Wiley.com
Print this page Share

Doing Research in Emergency and Acute Care: Making Order Out of Chaos

ISBN: 978-1-118-64348-8
288 pages
November 2015, Wiley-Blackwell
Doing Research in Emergency and Acute Care: Making Order Out of Chaos (1118643488) cover image

Description

A practical guide to understanding and navigating the unique challenges faced by physicians and other professionals who wish to undertake research in the ED or other acute care setting.

 Focusing on the hyper-acute and acute care environment and fulfilling two closely-related needs:

1) the need for even seasoned researchers to understand the specific logistics and issues of doing research in the ED; and 2) the need to educate clinically active physicians in research methodology.

This new text is not designed to be a complex, encyclopedic resource, but instead a concise, easy-to-read resource designed to convey key “need-to-know” information within a comprehensive framework. Aimed at the busy brain, either as a sit-down read or as a selectively-read reference guide to fill in knowledge gaps, chapters are short, compartmentalized, and are used strategically throughout the text in order to introduce and frame concepts. This format makes it easy - and even entertaining - for the research novice to integrate and absorb completely new (and typically dry) material.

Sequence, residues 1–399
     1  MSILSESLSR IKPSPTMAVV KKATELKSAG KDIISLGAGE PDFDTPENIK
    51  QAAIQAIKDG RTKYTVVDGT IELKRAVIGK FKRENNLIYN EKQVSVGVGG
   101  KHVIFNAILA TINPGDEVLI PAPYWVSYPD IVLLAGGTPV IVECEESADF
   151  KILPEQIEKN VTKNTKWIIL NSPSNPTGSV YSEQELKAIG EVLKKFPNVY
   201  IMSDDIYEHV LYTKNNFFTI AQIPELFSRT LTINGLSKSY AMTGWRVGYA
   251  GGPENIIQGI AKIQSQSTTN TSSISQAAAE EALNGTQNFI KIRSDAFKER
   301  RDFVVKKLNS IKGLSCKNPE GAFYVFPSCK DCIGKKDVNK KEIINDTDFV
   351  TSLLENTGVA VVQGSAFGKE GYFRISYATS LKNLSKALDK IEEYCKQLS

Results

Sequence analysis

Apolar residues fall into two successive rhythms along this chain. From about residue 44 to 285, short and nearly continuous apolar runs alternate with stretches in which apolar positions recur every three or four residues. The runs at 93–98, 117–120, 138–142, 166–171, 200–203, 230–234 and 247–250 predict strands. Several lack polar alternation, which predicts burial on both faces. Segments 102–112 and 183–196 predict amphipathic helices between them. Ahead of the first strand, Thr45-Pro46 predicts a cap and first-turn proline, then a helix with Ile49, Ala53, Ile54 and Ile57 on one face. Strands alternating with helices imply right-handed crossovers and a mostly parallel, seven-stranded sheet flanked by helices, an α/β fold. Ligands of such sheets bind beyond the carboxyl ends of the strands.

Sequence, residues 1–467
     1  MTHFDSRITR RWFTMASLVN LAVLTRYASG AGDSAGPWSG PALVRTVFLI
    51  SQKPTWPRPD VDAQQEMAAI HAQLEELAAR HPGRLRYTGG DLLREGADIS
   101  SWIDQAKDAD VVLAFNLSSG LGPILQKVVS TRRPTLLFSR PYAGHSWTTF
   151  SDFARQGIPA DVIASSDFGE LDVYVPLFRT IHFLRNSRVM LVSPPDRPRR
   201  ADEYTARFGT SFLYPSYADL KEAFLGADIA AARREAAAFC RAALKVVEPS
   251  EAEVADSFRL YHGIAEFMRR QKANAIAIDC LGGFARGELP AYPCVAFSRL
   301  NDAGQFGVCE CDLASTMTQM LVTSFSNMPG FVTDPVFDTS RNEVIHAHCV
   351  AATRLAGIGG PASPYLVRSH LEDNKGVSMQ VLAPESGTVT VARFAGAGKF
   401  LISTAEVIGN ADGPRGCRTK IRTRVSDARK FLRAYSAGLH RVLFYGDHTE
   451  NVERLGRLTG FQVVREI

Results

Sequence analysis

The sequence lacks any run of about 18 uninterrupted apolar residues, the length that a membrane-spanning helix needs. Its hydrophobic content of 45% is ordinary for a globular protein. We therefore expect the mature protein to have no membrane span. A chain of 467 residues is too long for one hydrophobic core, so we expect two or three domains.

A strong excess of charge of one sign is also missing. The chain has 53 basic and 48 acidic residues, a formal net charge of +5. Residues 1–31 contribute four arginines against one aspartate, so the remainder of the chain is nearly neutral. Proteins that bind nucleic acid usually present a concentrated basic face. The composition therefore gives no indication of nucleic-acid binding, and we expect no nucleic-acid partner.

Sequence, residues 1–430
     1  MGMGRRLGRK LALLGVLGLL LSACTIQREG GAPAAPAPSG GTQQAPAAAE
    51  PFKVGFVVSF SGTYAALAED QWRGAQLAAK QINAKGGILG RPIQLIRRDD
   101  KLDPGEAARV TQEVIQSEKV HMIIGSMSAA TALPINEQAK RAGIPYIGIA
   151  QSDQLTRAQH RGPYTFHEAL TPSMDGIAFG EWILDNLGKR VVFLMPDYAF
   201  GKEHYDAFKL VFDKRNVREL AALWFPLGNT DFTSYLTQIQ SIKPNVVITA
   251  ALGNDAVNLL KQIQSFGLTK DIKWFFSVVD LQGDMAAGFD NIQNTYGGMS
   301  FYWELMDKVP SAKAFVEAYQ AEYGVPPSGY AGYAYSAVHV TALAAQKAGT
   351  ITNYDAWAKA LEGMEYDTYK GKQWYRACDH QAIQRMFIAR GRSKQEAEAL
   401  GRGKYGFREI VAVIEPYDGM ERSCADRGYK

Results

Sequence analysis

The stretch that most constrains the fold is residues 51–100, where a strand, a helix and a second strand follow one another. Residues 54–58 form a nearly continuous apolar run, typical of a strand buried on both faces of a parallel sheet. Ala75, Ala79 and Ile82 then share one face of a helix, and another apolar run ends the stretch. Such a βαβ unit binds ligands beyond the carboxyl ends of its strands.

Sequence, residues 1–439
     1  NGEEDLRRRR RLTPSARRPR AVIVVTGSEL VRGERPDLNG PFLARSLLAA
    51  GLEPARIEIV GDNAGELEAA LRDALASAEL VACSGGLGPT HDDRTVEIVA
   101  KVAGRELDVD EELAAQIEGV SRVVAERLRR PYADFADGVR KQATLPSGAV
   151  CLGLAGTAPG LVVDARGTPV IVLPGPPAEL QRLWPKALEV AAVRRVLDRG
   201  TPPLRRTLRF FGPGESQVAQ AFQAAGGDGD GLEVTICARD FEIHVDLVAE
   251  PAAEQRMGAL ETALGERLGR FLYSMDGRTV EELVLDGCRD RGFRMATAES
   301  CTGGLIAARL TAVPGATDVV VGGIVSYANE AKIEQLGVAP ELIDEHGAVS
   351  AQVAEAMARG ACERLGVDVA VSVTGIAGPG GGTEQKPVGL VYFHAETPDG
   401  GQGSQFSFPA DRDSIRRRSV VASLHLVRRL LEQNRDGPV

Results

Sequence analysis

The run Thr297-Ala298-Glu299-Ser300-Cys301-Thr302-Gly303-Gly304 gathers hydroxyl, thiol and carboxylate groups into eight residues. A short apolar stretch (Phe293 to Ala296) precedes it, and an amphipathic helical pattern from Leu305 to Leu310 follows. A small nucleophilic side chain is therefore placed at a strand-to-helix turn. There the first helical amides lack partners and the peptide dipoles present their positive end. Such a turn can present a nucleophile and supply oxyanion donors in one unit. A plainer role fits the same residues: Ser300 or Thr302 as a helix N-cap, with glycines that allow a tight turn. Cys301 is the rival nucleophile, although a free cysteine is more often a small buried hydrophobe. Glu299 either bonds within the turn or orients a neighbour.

The textbook addresses aspects of feasibility, efficiency, ethics, statistics, safety, logistics, and collaboration in acute research. Overall, it grants access for the seasoned researcher seeking to learn about acute research to empathically integrate learning points into his or her knowledge base.

As the ED is the primary setting for hyper-acute and acute care, and therefore a prime site for related clinical trial recruitment and interventions, the book presents specific logistical research challenges that researchers from any discipline, including physicians, research nurse coordinators, study monitors, or industry partners, need to understand in order to succeed.

See More

Table of Contents

List of contributors, ix

Part 1: Getting ready: Preparing for your research study

1 Aspects of research specific to acute care, 3
Jarrod M. Mosier and Peter Rosen

2 Aspects of feasibility in research, 7
Kama Z. Guluma

3 How do I formulate a research question?, 13
Michael P. Wilson

4 Evidence ]based medicine: Finding the knowledge gap, 17
Eddy Lang and Zubair Bayat

5 How to carry out an efficient literature search, 21
Aleksandr Tichter, Louise Falzon, and Peter Wyer

6 What do I need to know to get started with animal and basic science research?, 31
George J. Shaw

7 The IRB process: How to write up a human studies protocol, 37
Christian Tomaszewski

8 Ethics in research: How to collect data ethically, 45
Nas Rafi and Brian Snyder

9 Safety in research: How to ensure patient safety?, 53
Robert Grover and Vicken Y. Totten

Part 2: Getting it done: Doing your research study

10 How to design a study that everyone will believe: Minimizing bias and confounding, 61
Michael Witting

11 How to design a study that everyone will believe: An overview of research studies and picking the right design, 65
Julian Villar, Jennifer Lanning, and Robert Rodriguez